Charisma can seem like an unattainable quality, but consider these common charisma myths and let the facts speak for themselves.
Myth 1: Charisma is Magical and Mysterious
Sorry for the disenchantment, but experts agree that charisma can be broken down into concrete behaviors that can be learned, practiced, and made natural. The Charisma Myth, by Olivia Fox Cabane identifies the three main markers of charisma as: Presence, Power, and Warmth.
Boiled down, the Presence, Power, and Warmth of charisma is about how you value others. When you start perceiving others as valuable, others start perceiving you as magnetically charismatic. Maybe that’s a little magical after all.
Myth 2: Charisma is Determined at Birth and Can’t Be Learned
You know those magnetic but non-magical Presence, Power, and Warmth components? Here’s a few tips to get you started:
- Don’t think about your response while someone else is talking. Formulating an impressive response distracts you from the speaker and message. Try waiting at least two seconds before verbally responding, and let your facial expression react first. Charisma doesn’t fear “awkward” silences.
- Make eye contact. Your visual focus says what you think is worth paying attention to.
- Silence your phone. In conversations, focus on being present and conveying warmth.
- Relax your posture. Power poses are a visual charisma signal.
- Be curious. Charisma is never bored or boring.
Myth 3: Only Extroverts Can Be Charismatic
Cabane explains that charisma doesn’t equate to uber-social extroversion. Elon Musk is an example of an introvert with charismatic presence. Musk counterbalances his introverted tendencies by managing his social energy.
Rather than trying to be a chatty person in social settings, you can focus your attention on a few people at a time. Being “magnetic” doesn’t mean “life of the party;” the true charismatic values quality over quantity. Charisma makes others feel valued, which brings us to the next myth:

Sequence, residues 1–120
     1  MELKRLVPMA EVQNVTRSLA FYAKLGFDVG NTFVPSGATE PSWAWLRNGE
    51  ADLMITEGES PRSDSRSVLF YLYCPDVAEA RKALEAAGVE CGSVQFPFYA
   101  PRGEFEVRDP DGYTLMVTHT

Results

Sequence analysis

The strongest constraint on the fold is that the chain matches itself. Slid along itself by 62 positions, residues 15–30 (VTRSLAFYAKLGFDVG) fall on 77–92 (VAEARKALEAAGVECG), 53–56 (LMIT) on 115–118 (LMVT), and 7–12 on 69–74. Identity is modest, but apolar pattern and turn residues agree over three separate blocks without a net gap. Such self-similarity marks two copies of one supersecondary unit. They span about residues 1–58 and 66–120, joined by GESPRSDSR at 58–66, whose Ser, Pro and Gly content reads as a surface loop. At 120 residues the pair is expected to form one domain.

Myth 4: Charisma is All About You
When you think of charisma, you might think of trying to make yourself seem super awesome to others. But writer and producer, Patrick Allen says the paradoxical secret of charisma is not about trumpeting your good qualities, but making the other person feel good. And narcissists beware, because you can’t fake this one. Counterfeit charisma is easily sniffed out!
Myth 5: Charisma is Shallow
Celebrity psychologist Richard Reid, aka “Mr. Charisma,” notes that real communication and depth are essential to charisma. Charisma is about the positive feeling you engender in other people—being able to connect on a deeper level. It requires your whole self; that means communicating with words and body language and articulating a positive message to the person you are connecting with.
Myth 6: Charismatic Power Equals Fame and Fortune
Not always. Cabane says that while charismatic individuals tend to be perceived as “powerful” people, but this doesn’t mean they are always CEOs, politicians, or celebrities. Charismatic people can have humble stories and jobs, and yet still retain power. Power, according to Cabane, means “being perceived as able to affect the world around us . . . whether through influence on or authority over others, large amounts of money, expertise, intelligence, sheer physical strength, or high social status.” But remember the adage that correlation doesn’t equal causation.